Spring is a season of renewal and wonder. I love to walk through my garden and welcome back tender shoots of beloved perennials as if welcoming back a long lost friend. Having reached a certain age when friends do leave the winter for warmer climes, a new spring ritual has become reconnecting with friends returning home. This week my dear friend Dona returned from Arizona. We met to walk through our local gem of a garden, Chanticleer(www.chanticleergarden.org/). Much to our surprise, there was already so much in bloom to celebrate friendship and spring and make our hearts soar with the joy of both.
After our brown bag lunch, I surprised my friends with a box of flower-shaped shortbread cookies each topped with a fresh sugared pansy, which I had seen on a favorite blog, Stonegable, last month. (You can see the original post here: www.stonegableblog.com/2010/05/pansy–shortbread–cookies.html)
The cookies were easy and as scrumtious as they were pretty! In French, pansies have such a pretty name, pensées, or thoughts…. Befitting for a girlfriends’ reunion to catch up on friendship!
“I pray, what flowers are these? The pansy this, O, that’s for a lover’s thoughts”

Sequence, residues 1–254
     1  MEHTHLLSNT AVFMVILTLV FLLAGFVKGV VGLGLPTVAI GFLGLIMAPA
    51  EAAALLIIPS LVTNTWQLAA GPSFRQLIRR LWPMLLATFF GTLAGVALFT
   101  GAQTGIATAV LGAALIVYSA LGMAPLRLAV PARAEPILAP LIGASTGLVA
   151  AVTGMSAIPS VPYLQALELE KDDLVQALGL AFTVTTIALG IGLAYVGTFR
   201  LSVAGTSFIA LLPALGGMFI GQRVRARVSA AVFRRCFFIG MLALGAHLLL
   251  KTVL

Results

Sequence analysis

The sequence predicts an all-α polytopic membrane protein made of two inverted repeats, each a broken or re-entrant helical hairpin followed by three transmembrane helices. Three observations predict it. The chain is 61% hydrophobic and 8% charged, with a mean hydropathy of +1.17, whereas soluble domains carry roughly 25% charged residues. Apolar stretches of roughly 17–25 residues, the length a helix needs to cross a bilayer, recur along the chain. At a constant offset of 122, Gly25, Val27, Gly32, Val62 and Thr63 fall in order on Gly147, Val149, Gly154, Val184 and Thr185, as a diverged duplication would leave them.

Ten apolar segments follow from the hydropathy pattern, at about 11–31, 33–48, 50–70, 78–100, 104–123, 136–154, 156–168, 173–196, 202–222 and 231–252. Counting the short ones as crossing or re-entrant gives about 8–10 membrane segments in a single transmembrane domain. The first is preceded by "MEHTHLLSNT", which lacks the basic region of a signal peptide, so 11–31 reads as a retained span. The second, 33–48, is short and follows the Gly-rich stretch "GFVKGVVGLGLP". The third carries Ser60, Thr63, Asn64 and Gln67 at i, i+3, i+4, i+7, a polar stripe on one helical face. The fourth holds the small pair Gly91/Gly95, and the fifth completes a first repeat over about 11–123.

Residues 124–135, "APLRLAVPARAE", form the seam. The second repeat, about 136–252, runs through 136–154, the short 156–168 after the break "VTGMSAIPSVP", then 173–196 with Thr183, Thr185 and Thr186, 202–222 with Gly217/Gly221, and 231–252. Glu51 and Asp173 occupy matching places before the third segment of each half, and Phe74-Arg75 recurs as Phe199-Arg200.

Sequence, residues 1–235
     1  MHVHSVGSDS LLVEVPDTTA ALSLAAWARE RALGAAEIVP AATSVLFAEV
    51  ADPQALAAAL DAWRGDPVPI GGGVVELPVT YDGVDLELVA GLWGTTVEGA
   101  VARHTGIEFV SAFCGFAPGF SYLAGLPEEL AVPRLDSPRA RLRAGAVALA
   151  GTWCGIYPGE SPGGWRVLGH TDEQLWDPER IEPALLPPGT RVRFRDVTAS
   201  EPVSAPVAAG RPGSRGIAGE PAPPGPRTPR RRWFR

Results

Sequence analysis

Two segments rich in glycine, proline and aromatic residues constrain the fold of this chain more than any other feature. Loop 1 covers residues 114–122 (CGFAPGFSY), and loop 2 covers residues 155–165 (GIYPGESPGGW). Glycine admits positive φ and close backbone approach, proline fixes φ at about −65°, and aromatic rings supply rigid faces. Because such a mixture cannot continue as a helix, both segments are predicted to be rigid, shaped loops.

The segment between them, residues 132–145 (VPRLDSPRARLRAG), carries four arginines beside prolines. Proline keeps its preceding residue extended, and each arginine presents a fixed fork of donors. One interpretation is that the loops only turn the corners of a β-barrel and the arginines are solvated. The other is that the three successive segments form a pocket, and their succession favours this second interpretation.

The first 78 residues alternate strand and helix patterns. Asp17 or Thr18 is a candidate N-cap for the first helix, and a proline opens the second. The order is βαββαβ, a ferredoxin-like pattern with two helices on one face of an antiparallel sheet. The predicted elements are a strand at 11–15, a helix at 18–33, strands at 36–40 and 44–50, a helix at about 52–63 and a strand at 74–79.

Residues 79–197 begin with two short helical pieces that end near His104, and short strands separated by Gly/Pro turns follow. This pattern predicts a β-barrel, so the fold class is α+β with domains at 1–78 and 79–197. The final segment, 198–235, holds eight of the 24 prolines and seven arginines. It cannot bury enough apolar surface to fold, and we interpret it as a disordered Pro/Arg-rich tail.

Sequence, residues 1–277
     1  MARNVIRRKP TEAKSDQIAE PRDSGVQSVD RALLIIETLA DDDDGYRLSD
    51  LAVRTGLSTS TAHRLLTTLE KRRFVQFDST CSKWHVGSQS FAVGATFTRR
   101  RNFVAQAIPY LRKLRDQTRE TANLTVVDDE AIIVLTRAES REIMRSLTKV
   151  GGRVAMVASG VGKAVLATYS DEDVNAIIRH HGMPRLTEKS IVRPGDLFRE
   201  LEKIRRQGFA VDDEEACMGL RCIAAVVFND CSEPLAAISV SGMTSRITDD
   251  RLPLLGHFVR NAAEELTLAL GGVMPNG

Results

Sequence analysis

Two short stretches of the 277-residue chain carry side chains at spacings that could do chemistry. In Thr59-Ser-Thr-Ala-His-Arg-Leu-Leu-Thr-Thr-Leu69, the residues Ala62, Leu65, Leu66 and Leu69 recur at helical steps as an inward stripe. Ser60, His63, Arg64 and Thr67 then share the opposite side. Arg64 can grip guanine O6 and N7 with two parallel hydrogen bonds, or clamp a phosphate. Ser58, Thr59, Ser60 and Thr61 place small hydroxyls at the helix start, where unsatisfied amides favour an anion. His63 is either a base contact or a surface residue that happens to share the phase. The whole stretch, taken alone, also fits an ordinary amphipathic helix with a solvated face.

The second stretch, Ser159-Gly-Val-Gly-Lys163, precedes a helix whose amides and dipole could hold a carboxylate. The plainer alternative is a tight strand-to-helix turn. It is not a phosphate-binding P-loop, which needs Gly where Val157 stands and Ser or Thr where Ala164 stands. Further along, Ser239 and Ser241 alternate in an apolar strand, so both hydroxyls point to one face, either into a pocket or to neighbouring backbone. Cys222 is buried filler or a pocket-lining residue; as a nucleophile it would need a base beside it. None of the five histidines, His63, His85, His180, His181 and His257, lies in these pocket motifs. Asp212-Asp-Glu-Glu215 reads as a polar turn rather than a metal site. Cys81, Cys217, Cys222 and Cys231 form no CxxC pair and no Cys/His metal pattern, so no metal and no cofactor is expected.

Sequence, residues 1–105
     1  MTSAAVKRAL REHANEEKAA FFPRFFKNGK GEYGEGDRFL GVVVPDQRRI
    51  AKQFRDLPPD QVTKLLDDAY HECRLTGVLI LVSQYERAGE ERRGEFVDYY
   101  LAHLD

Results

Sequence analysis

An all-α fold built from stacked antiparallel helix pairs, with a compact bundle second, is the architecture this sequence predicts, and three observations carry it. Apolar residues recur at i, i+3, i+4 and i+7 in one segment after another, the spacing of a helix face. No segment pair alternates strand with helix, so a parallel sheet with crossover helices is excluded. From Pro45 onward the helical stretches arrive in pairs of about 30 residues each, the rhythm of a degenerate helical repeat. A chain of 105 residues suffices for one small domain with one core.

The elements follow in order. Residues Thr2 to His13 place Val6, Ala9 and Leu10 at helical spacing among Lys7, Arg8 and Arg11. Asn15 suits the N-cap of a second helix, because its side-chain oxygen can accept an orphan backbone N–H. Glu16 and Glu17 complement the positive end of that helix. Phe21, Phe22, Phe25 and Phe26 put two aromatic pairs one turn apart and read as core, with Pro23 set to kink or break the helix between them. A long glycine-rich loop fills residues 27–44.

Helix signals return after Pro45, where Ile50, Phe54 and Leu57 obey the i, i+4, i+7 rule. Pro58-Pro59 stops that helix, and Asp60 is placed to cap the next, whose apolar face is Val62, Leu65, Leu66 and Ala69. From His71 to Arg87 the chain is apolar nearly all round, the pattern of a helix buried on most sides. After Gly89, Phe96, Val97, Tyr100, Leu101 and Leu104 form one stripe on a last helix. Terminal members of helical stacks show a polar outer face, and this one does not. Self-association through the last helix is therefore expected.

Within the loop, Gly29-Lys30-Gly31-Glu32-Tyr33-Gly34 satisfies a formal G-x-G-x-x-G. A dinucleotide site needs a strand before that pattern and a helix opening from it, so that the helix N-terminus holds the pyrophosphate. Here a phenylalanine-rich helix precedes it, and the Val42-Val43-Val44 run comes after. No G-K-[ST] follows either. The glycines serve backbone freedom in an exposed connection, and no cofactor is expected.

Pansies, Metropolitan Museum of Art, Henri Fantin-Latour, 1903
PANSY-TOPPED SHORTBREAD COOKIES(Adapted from Stonegable blog)
1 1/4 c flour
1/4 c sugar
1/2 c butter, room temperature
1/4 t vanilla
1 egg white, whisked
2 T sugar to sprinkle over flowers
Rinse, pat and dry pesticide-free pansies and leave to dry on paper towels. Make sure to cut back all the stem and most of the back greenery so your flowers will lay flat on the cookie.
Combine flour and sugar. Cut in the butter and vanilla until mixture looks like oatmeal. Shape into a ball, roll out on a floured surface to 1/4 inch thickness and cut out desired shape. Place on a parchement lined cookie sheet, 2 inches apart, and bake at 325 F 30 minutes until edges are golden.
Remove, cool, then brush with a thin coating of egg white. Add a pansy and coat the top of the flower with additional egg white, brushing the petals flat onto the cookie as you work. Sprinkle with some sugar and rebake for 5 minutes at 325F.
Although best eaten fresh, these cookies can be frozen. The flower will absorb moisture and its texture will be more noticeable on the thawed out cookie.